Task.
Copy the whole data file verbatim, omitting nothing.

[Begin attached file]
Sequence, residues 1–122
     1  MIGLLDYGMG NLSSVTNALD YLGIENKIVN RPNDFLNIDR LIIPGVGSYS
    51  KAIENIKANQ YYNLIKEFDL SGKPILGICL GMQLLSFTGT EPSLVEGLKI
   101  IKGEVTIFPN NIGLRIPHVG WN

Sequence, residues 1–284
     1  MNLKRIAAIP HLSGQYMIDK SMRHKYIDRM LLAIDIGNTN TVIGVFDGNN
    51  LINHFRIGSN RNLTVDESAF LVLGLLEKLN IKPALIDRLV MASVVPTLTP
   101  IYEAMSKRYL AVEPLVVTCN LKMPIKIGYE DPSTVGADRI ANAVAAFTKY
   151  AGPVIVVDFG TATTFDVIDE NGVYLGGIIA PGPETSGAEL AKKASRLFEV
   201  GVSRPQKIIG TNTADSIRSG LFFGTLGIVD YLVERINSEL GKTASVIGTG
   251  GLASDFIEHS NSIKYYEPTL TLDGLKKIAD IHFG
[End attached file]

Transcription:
Sequence, residues 1–122
     1  MIGLLDYGMG NLSSVTNALD YLGIENKIVN RPNDFLNIDR LIIPGVGSYS
    51  KAIENIKANQ YYNLIKEFDL SGKPILGICL GMQLLSFTGT EPSLVEGLKI
   101  IKGEVTIFPN NIGLRIPHVG WN

Sequence, residues 1–284
     1  MNLKRIAAIP HLSGQYMIDK SMRHKYIDRM LLAIDIGNTN TVIGVFDGNN
    51  LINHFRIGSN RNLTVDESAF LVLGLLEKLN IKPALIDRLV MASVVPTLTP
   101  IYEAMSKRYL AVEPLVVTCN LKMPIKIGYE DPSTVGADRI ANAVAAFTKY
   151  AGPVIVVDFG TATTFDVIDE NGVYLGGIIA PGPETSGAEL AKKASRLFEV
   201  GVSRPQKIIG TNTADSIRSG LFFGTLGIVD YLVERINSEL GKTASVIGTG
   251  GLASDFIEHS NSIKYYEPTL TLDGLKKIAD IHFG